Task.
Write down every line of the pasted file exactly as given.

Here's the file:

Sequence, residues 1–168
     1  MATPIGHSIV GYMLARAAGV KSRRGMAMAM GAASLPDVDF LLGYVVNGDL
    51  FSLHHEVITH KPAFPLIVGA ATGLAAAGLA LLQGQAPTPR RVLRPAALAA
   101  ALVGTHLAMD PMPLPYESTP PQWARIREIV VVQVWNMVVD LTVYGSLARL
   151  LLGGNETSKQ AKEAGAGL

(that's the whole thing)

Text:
Sequence, residues 1–168
     1  MATPIGHSIV GYMLARAAGV KSRRGMAMAM GAASLPDVDF LLGYVVNGDL
    51  FSLHHEVITH KPAFPLIVGA ATGLAAAGLA LLQGQAPTPR RVLRPAALAA
   101  ALVGTHLAMD PMPLPYESTP PQWARIREIV VVQVWNMVVD LTVYGSLARL
   151  LLGGNETSKQ AKEAGAGL